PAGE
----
Adam Parker Smith
Oblivious The Greek
Adam Parker Smith
Oblivious The Greek
June 11th – July 24th, 2016
OPENING: Saturday, June 11th from 5-8pm
The Hole is proud to present our first solo exhibition by Adam Parker Smith. This show presented in our rear gallery includes an ersatz sculpture garden, with verdant wall works and buoyant sculpture arranged on rocks on a gravelled gallery floor.
Adam’s work first debuted at the Hole in “Not a Painting”, a group show that looked at paintings made without paint; essentially wall works made from everything but paint that referred to painting or were contingent upon the tradition of painting for their logic. Adam’s wall works use a wire grid as the substrate through which are woven various “brush strokes” of material and color with directionality and resonance. Some combination of Ghery-esque folds of faux laminate usually form the meat of the composition, with sketchy loops of jump rope spiraling about; mylar balloons cast with resin pop in, as do fake foods, fake bronze, fake candles, fake flowers. One combo here incorporates twists of green neon amidst an ouroboros of rainbow trout balloons.
The works are frontal and painterly and modestly 3D, a bit like a relief; a bit like Frank Stella’s late and jazzy assemblage paintings in intent and pizzaz, and questionable taste. Adam certainly has a penchant for the tacky, and the works are not without a sense of humor. They seem to throw a lot of undesirable cultural debris in our face and make us countenance its awfulness, but then surprise us with unexpected beauty and interest. I’m extremely drawn to these works, they dazzle with the quick visual fix of fake flowers and shiny balloons; but the strange thing about them is when so much “faux” is arranged into an artwork, it tips the scale back to being real, a real grouping of objects and en masse a new and real thing again.
The sculptures in the exhibition are humanoid stacks of resinated mylar balloons, balanced on faux garden rocks and surrounded by stretches of pea gravel. Weightless looking, but quite solid, the sculptures’ illusion of buoyancy mimics the dynamism of classical sculpture that somehow makes marble look like striving human bodies, and perhaps deflates that idea. While the artist is inspired by classical works like Augustus of Primaporta, the Artemision Bronze, the Venus de Milo or Winged Victory, to contemporary eyes the works evoke perhaps a sagging Koons balloon sculpture, or to a non art person, a birthday array the morning after. Like the wall works the sculptures aren’t transcending their materials, they are kind of unapologetically chintzy, but owning it. At different angles the effect changes: on approach the sculptures are perfect and temporary fake loveliness, and on the back as they recede you see the messy reality of how they were made and yet simultaneously their permanence.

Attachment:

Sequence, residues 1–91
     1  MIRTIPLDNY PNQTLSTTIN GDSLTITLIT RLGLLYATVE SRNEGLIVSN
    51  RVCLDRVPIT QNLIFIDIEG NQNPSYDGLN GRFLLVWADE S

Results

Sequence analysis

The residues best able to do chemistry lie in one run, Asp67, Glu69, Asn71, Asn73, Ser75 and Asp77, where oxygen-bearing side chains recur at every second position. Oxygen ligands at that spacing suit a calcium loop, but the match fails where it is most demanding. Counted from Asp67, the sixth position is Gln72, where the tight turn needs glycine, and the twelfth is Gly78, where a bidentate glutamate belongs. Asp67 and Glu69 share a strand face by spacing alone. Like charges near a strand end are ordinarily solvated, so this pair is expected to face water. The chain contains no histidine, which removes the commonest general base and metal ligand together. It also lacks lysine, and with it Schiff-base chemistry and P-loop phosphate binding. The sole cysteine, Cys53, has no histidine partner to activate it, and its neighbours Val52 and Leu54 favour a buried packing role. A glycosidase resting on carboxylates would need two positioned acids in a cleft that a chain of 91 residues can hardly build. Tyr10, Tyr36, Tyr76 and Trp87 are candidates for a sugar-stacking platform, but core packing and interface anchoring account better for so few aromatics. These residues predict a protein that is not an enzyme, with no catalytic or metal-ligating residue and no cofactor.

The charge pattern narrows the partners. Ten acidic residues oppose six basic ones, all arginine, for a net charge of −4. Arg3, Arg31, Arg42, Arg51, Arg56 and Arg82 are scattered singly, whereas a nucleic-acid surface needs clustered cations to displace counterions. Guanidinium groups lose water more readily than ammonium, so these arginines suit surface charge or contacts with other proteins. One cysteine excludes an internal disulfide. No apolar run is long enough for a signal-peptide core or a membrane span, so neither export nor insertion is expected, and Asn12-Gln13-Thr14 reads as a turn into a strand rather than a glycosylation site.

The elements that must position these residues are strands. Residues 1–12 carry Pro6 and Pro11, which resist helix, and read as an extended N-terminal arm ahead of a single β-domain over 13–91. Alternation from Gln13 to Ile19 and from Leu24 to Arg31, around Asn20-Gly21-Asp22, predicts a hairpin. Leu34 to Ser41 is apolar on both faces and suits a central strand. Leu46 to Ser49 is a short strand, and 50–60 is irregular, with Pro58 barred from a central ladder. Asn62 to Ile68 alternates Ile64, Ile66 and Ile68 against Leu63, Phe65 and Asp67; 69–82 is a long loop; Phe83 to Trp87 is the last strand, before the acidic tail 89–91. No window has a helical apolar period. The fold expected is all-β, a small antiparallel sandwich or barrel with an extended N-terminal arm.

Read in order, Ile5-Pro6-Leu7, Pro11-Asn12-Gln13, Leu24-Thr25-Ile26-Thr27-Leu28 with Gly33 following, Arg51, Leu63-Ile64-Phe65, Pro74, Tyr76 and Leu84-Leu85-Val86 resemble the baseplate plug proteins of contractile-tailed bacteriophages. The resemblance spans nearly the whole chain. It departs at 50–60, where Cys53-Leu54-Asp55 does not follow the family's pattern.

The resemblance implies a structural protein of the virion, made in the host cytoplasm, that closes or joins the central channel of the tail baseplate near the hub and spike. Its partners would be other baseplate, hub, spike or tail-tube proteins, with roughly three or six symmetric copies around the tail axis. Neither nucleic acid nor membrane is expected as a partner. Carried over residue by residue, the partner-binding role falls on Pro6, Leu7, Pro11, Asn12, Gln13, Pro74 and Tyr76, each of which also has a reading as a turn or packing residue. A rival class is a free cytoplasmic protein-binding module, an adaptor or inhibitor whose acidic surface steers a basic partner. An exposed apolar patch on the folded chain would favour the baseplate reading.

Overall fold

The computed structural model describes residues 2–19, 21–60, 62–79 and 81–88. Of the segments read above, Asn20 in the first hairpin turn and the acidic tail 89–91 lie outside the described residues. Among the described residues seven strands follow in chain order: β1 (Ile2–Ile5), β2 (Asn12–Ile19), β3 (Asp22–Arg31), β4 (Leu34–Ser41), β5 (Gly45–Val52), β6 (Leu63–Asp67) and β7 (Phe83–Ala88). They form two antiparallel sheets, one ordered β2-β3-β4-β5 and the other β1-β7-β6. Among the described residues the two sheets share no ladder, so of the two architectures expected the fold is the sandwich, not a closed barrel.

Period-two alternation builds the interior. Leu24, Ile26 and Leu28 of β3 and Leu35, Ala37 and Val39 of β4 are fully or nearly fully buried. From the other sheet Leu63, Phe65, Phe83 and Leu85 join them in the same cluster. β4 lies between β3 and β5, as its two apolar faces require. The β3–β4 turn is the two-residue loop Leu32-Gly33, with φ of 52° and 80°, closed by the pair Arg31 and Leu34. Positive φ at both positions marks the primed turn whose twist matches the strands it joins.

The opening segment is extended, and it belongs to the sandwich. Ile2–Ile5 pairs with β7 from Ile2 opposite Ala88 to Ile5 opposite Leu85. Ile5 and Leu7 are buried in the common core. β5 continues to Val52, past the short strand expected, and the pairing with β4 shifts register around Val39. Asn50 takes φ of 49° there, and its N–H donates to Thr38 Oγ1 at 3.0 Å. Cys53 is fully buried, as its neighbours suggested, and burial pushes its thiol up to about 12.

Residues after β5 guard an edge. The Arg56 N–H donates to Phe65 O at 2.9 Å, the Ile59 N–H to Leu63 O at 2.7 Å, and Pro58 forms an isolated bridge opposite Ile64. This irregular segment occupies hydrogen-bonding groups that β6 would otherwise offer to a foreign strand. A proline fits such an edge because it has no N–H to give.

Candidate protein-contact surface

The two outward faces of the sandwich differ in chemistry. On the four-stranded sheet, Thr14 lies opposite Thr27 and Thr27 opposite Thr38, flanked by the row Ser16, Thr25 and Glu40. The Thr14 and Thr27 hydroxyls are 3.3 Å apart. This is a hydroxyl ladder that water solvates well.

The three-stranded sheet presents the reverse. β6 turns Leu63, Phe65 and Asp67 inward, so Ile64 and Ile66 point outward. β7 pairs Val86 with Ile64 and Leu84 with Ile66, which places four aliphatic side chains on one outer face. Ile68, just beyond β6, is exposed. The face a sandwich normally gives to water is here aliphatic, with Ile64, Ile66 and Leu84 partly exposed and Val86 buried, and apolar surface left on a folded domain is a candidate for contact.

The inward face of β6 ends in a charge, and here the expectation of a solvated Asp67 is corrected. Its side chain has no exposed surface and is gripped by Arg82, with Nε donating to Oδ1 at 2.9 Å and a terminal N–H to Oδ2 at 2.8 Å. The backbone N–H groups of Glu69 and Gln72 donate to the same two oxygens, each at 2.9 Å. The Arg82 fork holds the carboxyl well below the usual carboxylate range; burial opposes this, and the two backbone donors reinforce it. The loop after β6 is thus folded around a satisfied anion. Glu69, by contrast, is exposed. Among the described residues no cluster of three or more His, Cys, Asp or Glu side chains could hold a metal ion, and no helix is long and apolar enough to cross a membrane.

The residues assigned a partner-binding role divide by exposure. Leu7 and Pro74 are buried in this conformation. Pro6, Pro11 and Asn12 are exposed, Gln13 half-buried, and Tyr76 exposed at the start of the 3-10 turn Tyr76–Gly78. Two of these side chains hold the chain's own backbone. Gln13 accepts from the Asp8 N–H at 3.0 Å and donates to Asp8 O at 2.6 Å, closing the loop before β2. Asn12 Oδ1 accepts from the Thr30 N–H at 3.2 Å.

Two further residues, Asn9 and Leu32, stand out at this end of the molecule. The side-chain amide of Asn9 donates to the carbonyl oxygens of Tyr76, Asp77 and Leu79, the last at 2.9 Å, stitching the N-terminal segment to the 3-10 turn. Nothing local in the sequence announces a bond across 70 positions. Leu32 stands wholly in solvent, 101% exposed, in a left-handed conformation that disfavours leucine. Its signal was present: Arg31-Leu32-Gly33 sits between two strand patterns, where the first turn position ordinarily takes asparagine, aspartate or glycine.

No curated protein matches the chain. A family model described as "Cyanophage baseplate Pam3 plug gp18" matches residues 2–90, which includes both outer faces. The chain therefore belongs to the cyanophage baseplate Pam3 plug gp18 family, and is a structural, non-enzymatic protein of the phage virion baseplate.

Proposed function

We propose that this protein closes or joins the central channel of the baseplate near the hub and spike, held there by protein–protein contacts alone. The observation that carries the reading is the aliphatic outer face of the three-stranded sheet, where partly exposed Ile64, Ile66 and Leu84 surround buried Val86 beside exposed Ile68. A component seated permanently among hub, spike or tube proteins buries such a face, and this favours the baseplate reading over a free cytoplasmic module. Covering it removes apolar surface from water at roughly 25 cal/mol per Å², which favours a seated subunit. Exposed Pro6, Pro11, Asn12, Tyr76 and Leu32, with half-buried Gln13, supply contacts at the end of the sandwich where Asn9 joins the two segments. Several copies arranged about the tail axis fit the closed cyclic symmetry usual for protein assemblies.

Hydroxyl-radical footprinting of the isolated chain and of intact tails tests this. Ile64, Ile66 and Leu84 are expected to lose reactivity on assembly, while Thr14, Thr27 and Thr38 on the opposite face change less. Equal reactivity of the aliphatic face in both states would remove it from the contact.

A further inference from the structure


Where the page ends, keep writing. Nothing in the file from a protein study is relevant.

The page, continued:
They remind me of the still unfathomable fact that most ancient Greek and Roman marble sculpture was painted loud and proud. Such an archetype of beauty, in every museum of the world, the ubiquitous white Greek marbles, so aesthetically influential over centuries, but made to be painted! Such “gilding the lily” is perhaps a natural human base urge for beauty, perhaps is more at the heart of what we find beautiful. Couldn’t you argue that these radiant fake orchids are more beautiful, at least more perfect, in a way than their ephemeral referent?
Adam Parker Smith was born in 1978 in California; his most recent shows include “Default” at Honor Fraser in LA still up through June 15 actually and “Seriously” a solo show at Evergold in San Francisco. Group shows at the Hole include “Not a Painting” Summer, 2015 and indeed also “Not a Photo” December, 2015. Reviews of his work have appeared in Art in America (March 2013, Brian Boucher) and the New York Times (Aug 2015, Roberta Smith).
For more information about the artist and to preview works in exhibition please email email@example.com.
Featured image: Augustus XXL, 2016, resin and fiberglass preserved mylar, steel, aluminum, 17 x 36 x 27 inches